Now comes the days of brown leaves.
They fall from the trees.
They flutter on the ground.
When the leaves flutter,
they are saying little things.
I hear them tell of their borning days
when they did come into the world as leaves.
Today they told me how they were a part
of the earth and air before their tree borning days.
And now, they are going back.
In gray days of winter they go back to the earth.
But they do not die.
|Opal Whiteley, age 17|
My dear friend, Annell, of Somethings I Think About, happened to come across the book The Singing Creek Where the Willows Grow, by Benjamin Hoff, in her local second-hand bookstore and immediately thought of me. It arrived at the manor last week, and although I have not yet finished reading it, I am totally intrigued. It is a biography of Opal Whiteley (1897-1992), an American nature writer and diarist whose childhood journal, published in 1920 as The Story of Opal, in serialized form in the Atlantic Monthly, and later as a book with the title The Story of Opal: The Journal of an Understanding Heart.
Biographers have confirmed that as early as age five, Whiteley, a brilliant child prodigy was already keeping a journal, as an amateur naturalist. Family members claim that Opal Irene Whiteley was born in Colton, Washington, the first of five children, in an impoverished family who moved frequently among logging camps. Whiteley, however, claimed to be the daughter of Henri, Prince of Orléans, who died unmarried in 1901, was taken to Oregon in 1902, and brought to a lumber camp where she was adopted by Ed and Lizzie Whiteley. While Opal Whiteley used several names during her lifetime, the one she preferred, and was later buried under, was Françoise Marie de Bourbon-Orléans.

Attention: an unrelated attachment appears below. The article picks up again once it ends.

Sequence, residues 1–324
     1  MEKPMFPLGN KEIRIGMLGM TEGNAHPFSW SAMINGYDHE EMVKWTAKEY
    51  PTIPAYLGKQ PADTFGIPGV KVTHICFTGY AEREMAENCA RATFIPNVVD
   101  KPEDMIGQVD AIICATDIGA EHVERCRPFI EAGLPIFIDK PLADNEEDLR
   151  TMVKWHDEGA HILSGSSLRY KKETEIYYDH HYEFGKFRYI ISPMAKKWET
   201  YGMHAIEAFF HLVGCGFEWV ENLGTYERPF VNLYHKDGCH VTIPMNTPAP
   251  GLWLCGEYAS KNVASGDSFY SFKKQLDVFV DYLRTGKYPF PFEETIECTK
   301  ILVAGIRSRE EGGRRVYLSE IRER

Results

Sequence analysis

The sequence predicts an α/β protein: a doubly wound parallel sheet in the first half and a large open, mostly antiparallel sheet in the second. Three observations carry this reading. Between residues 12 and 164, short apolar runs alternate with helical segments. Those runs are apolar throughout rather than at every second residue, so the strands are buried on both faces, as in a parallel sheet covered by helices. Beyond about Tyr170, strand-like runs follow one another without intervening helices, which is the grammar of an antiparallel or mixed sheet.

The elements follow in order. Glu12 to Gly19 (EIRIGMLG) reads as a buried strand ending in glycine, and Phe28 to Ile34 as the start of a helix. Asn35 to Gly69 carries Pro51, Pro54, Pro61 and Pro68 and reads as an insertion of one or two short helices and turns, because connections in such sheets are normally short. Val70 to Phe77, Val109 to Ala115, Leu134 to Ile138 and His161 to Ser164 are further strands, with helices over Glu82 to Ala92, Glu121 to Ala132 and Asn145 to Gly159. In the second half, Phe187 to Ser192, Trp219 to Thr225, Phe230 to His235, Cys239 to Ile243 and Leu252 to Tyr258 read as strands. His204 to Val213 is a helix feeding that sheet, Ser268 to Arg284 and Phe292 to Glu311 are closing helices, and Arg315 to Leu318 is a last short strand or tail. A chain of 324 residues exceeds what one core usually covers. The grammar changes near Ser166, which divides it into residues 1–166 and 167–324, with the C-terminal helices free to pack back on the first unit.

Though considered odd by everyone, no one knew she was schizophrenic. Through her heightened senses and a genius for expressing herself, she crafted the most fascinating diary ever written. Opal hid her diary in a hollow log in the woods near her home. But when she was 14, her younger sister found it and tore it to pieces. Heartbroken, Opal kept the pieces at a neighbor's house in a hat box.
At 23, Opal met Ellery Sedgwick, publisher of the Atlantic Monthly who asked if she had kept a diary as a child. She said that she had, and he asked to see it at once. For months, Opal worked to piece her diary back together, and in 1920, The Story of Opal was published. Hailed as a work of genius, it became a national best-seller. But because of its brilliance, people soon began to question if one so young could have written it.
Ten months after its publication, the diary was out of print and Opal was disgraced. People returned their copies and demanded repayment. Accused of literary fraud, Opal left for England. In 1948, she was found rummaging through the rubble of bombed-out buildings during World War II. She was taken to a public mental hospital where she remained until her death on February 16, 1992. She was buried at Highgate Cemetery, where her gravestone bears the inscription "I spake as a child".
Whiteley's true origins and the veracity of her diary are still questioned today. Several plays have been written about her mysterious life, as well as Robert Lindsey Nassif's award winning musical Opal, 1993. Thank you, Annell, for introducing me to this fascinating woman. I've been thoroughly enjoying all things "Opal".